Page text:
Tuesday, March 22, 2011

It's Over

One of the many newsletters I receive in my inbox every week is the Monday Morning Memo from Roy H. Williams.

Good advice, makes you think, which is better than someone just telling you what to do, in many cases.

Here's an excerpt from yesterday's Memo. Click here to sign up for your copy.

How I Know the Recession Is Over

As you do or don’t know,
I make my living as an advertising consultant. My income is directly tied to the growth of my clients’ businesses, so you can be sure I keep a close eye on their income trends.

Although my office works with only a few dozen of America’s 5.91 million businesses, these small business clients are spread across the US and Canada and span several retail and service categories. Additionally, my Wizard of Ads partner offices work with dozens of scattered clients, as well.

We keep our finger on the pulse of small business America.

The media keeps its finger on the pulse of big business America and unemployment statistics and the value of the dollar and a variety of other things they like to package as news about the economy.

Don’t be fooled by it. Big business is affected by Wall Street, an insular world of fast-walking men and women who live in Manhattan and wear formal business attire and pretend they know far more than they do.

Meet these people. Spend time with them. You’ll soon quit taking them seriously. This is the same crowd who thought Bernie Madoff was a profoundly insightful financial guru, remember? They even made him chairman of Nasdaq.

Big business is subject to Wall Street.
Wall Street is subject to the mood of traders who buy and sell a lot of securities. Small businesses like yours are subject only to the mood of the public.

I’ve known for years that the mood of the public is not directly linked to Wall Street. Trends in small business America don’t always mirror the trends in big business America.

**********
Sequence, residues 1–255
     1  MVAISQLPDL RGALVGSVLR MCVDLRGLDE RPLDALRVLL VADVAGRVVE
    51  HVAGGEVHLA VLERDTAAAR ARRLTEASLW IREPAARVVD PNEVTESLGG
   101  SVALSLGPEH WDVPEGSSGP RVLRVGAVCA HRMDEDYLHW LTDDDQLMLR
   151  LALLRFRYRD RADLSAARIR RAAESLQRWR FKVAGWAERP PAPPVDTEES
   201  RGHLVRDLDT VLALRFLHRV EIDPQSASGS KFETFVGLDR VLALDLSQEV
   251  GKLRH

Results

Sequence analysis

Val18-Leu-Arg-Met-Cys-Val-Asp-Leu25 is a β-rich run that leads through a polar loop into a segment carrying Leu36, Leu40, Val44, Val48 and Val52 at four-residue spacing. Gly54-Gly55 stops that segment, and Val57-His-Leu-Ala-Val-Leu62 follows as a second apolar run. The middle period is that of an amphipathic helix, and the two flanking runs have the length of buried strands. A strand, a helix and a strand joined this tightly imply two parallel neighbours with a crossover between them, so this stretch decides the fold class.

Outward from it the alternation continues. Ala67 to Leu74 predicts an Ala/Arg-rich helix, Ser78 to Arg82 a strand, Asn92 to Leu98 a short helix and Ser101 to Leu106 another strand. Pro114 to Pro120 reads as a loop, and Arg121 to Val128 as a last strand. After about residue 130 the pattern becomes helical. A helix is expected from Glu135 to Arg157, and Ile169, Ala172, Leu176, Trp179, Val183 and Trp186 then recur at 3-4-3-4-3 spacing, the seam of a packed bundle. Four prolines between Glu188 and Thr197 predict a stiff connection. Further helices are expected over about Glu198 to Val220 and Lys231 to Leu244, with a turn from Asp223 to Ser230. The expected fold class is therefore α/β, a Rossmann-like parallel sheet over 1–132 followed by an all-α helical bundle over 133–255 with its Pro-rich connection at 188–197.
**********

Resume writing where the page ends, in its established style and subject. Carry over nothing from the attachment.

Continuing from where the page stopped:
The American public began to relax a bit in October. We saw it across every business category in every state. The news media didn’t seem to notice. We saw this trend continue through November and December. Most of our clients finished the 4
th quarter 10 percent ahead of the same quarter the previous year.

This uptick continued through January and February; not a sweeping “whoosh” back into prosperity, but an obvious collective decision among regular Americans to start spending a bit of money again. The deep fear is gone.

My friend Jeff Haley is the CEO of the Radio Advertising Bureau, a vital trade association of America’s 11,000 commercial radio stations, each of whom sells advertising to several hundred local businesses. When Jeff came to visit recently, he said he’d noticed the same thing my partners and I had noticed. During the first 3 quarters of 2010, ad spending among local advertisers was dead flat against the previous year. No change. Then it jumped by exactly 10 percent in the 4
th quarter.

The American public relaxed a little and America’s local advertisers did, too.

Donations to Wizard Academy rebounded, classes started selling out again and the weddings at Chapel Dulcinea are more lavish and festive than we’ve seen in a couple of years.

The light at the end of the tunnel is getting brighter. Grass is greening, birds are flirting, spring is here.

Don’t let anyone tell you otherwise.

Roy H. Williams

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